Here are some more pictures of my current progress (note, this tank has many of the details not added yet) :

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The build is broken into three well fitting sections. This makes working on sub-assemblies easier.

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Application of Mr. Surfacer 500 went well. Looking forward to seeing the additional cast texture under paint.

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Impressive looking tank, even in its half-finished state.

And that’s a look at what is currently going on.

As I stated earlier, I am ready to push forward and start pumping out some builds. Hopefully the year has enough time left to hit some of my personal modeling goals for 2017.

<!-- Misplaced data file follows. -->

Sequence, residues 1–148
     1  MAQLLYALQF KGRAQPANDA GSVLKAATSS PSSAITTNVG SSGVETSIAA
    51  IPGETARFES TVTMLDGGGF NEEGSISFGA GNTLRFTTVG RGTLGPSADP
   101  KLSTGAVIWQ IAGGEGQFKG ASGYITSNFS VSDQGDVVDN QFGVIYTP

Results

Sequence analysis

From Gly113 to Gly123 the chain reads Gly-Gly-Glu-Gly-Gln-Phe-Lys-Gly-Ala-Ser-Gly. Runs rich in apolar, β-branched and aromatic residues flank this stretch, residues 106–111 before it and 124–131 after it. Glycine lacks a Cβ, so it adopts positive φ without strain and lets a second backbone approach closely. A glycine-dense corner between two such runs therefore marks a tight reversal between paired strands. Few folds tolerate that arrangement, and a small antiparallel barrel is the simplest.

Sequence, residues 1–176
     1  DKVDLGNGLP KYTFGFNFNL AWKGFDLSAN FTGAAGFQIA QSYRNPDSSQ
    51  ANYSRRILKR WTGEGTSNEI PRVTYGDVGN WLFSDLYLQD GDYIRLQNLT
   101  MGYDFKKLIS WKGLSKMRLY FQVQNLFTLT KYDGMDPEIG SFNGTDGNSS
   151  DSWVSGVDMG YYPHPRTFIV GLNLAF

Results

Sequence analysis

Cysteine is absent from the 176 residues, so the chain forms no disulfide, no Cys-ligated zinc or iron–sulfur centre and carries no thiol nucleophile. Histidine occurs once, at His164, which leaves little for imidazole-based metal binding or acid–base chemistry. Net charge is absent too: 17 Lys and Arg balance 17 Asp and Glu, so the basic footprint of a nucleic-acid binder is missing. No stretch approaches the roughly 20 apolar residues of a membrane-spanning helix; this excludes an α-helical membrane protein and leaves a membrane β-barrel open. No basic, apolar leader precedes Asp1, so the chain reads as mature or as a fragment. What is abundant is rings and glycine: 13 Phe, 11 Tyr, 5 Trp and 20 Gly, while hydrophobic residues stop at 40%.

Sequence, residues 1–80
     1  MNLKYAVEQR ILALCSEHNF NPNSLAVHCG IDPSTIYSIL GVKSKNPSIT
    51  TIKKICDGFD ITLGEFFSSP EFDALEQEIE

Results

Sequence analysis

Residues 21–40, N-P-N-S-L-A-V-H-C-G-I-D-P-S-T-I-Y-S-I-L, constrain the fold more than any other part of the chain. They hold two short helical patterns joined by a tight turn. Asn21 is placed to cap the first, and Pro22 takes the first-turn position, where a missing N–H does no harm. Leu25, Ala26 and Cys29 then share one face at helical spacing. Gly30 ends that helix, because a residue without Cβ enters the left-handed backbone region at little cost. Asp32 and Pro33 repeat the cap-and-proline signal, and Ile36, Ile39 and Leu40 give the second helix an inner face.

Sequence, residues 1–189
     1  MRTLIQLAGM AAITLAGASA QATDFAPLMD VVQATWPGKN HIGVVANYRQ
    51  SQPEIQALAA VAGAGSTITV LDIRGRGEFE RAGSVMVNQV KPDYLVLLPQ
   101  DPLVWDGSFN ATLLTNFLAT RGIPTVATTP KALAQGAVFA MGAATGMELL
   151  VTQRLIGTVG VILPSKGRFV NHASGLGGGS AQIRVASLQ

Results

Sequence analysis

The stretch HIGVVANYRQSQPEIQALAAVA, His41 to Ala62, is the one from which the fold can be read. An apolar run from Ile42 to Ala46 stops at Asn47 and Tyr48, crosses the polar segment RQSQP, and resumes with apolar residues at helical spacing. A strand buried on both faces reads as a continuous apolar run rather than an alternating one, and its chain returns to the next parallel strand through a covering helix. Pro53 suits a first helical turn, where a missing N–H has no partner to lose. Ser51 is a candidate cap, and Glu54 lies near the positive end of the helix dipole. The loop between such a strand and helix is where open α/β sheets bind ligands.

Thanks for reading! More to come!

*Bonus round from my trip to Arizona! Heckler and Koch G36c full-auto!

30 rounds of 5.56mm in two seconds.

If you have never shot full-auto, I highly suggest that you do. It’s probably one of my favorite things to do in life.

If you are ever in Phoenix, Arizona, check out Scottsdale Gun Club!

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2 thoughts on “Stolen Mojo

    • I had only shot 9mm submachine guns in the past (HK MP5, MP40 and IMI UZI). You definitely notice a larger presence in power and report from the 5.56mm. Muzzle climb and recoil weren’t too bad, but they were magnified a bit because the G36c is an extremely light weight rifle. That being said, it was a glorious. 3 to 5 round burst were controllable. Dumping the full mag was exhilarating and I didn’t want it to end.

      Like